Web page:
Here’s another gem from our friends at the Chicago Film Archives: The City to See in ‘63, a 12-minute, 16mm color film touting the places, spaces and other virtues of Chicago.
There is some good stuff here. You can see Marina City’s residential towers under construction and neon signs blazing at night—nothing said “big city” like neon back then. There are glimpses of long gone places such as the Chicago Sun-Times Building, demolished in 2004; White Sox Park, which was bulldozed in 1991; Riverview amusement park which was wrecked in ‘67 and the first McCormick Place, which burned down the same year.
I like that neighborhoods were included. Logan Square, Garfield Park and old Maxwell Street made the cut. So did the modernist, backswept North Avenue Beach chess pavilion, which was only about five years old at the time.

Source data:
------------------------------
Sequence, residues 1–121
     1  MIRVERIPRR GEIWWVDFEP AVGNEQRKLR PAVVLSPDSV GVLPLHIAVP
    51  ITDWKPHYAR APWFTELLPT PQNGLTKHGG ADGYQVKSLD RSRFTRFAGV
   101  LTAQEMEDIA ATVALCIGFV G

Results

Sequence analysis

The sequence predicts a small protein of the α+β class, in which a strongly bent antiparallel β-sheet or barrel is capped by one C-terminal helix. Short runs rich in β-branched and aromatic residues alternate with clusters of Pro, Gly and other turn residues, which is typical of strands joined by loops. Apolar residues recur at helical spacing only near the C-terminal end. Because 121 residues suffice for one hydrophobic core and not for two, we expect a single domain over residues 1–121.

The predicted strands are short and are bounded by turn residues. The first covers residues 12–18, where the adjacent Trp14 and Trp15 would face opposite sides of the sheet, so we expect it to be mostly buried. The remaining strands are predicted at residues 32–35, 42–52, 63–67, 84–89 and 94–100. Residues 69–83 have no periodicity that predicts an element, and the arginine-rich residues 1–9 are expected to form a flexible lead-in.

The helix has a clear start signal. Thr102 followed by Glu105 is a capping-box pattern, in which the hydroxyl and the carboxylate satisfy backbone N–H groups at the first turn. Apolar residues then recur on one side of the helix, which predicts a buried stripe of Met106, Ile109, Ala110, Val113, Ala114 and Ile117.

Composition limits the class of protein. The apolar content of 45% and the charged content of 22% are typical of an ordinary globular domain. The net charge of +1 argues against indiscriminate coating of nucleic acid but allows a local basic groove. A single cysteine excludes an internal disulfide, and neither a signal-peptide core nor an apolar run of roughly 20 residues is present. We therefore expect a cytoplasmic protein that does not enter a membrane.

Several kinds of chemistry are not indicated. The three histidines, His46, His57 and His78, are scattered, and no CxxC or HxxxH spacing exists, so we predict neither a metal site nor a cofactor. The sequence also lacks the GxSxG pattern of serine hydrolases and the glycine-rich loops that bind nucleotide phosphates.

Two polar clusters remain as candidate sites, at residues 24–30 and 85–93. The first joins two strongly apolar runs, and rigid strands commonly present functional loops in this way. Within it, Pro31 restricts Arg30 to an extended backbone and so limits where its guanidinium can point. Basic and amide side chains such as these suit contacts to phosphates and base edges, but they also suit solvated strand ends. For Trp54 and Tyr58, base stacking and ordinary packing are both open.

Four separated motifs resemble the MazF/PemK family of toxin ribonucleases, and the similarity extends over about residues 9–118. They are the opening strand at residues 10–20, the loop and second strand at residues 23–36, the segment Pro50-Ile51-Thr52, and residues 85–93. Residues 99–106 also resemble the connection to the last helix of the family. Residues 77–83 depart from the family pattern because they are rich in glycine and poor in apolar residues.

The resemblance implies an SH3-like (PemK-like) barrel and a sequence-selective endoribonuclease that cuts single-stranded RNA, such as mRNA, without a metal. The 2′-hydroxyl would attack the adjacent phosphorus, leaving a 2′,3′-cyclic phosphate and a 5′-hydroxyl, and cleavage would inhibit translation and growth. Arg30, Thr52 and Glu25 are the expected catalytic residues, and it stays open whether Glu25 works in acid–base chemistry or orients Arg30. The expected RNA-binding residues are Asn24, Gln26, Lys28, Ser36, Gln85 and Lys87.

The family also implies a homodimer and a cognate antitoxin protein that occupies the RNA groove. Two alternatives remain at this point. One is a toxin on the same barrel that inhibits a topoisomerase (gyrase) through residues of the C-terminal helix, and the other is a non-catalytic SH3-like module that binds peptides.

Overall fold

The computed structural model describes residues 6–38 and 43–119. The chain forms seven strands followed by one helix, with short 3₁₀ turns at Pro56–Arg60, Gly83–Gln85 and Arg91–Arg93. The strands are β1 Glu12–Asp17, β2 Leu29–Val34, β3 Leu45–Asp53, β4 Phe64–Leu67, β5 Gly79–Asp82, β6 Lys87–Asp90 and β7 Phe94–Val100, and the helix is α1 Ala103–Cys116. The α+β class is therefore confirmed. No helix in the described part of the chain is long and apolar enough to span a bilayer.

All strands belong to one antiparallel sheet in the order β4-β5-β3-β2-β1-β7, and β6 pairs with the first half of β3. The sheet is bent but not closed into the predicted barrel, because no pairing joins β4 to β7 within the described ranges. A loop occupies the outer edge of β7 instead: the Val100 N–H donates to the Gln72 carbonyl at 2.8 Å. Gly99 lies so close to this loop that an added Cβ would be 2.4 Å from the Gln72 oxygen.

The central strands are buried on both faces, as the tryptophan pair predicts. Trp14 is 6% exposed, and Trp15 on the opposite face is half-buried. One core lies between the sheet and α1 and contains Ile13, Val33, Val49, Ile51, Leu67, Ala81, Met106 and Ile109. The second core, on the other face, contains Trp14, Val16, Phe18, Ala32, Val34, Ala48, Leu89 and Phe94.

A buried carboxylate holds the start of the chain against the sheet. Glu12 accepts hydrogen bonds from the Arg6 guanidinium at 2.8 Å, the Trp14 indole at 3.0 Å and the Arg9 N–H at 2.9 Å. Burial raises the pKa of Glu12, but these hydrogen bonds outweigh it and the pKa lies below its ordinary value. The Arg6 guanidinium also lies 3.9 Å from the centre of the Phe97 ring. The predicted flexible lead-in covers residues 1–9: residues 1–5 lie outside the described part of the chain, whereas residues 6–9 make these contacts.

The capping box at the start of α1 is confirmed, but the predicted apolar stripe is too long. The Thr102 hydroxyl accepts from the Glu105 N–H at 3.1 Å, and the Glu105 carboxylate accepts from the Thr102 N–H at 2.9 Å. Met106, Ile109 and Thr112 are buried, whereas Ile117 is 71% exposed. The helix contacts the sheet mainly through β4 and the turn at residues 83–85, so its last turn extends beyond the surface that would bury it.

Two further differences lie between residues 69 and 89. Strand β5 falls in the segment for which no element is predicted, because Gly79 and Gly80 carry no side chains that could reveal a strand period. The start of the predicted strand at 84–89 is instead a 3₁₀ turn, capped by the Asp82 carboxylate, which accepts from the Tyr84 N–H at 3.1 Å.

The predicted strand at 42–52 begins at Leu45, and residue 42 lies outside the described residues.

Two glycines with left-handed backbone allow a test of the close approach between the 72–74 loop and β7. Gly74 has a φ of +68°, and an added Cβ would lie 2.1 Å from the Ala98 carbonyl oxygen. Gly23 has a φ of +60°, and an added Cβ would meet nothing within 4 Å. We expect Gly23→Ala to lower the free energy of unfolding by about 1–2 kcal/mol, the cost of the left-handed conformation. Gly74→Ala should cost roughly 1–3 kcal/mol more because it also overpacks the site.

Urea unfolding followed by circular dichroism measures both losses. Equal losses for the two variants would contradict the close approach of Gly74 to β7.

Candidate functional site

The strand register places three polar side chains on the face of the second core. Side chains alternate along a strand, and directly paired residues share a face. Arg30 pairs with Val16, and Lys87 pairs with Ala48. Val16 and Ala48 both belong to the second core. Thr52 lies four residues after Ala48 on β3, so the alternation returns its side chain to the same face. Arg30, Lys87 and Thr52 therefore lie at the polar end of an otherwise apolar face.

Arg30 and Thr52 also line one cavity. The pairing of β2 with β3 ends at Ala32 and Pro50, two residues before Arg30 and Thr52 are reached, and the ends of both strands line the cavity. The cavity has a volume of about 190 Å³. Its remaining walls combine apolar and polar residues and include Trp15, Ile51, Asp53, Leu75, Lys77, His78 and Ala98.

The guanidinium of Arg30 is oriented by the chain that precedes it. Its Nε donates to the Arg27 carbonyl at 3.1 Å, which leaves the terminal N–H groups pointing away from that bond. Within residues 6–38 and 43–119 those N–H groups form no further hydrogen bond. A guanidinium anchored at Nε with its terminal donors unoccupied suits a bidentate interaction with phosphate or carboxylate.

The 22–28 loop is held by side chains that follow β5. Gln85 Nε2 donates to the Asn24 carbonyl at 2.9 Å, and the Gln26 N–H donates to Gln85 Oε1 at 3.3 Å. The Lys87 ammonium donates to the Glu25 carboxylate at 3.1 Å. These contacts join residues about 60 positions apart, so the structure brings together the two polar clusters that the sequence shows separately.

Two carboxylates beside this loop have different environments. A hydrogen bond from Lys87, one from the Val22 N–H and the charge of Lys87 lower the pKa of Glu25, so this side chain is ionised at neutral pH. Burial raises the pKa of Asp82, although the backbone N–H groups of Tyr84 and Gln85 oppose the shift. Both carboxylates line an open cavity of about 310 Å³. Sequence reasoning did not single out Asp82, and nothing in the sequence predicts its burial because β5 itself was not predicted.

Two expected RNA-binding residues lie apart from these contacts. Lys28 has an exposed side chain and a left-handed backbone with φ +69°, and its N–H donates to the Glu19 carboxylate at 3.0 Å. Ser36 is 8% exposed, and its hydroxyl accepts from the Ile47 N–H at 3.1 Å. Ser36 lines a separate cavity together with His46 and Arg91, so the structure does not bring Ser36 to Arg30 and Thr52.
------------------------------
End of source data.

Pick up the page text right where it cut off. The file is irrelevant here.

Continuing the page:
The purposely deadpan narration—written like Carl Sandburgesque poem to the city—is also amusing. “You pride yourself in gangster lore and brutal frontier politics,” narrator says at one point. “Yet…how do you explain [the] Art Institute and your…how many…universities and colleges?”
The City to See is the work of the late Chicago filmmaker Margaret Conneely and was done when the amateur film movement was big here. According to the Chicago Film Archives’ website, Conneely shot the movie in 1962 “to encourage Photographic Society of America members to attend their 1963 conference in Chicago.” The society awarded her a special prize for the film.
You can see more of her work at the CFA website.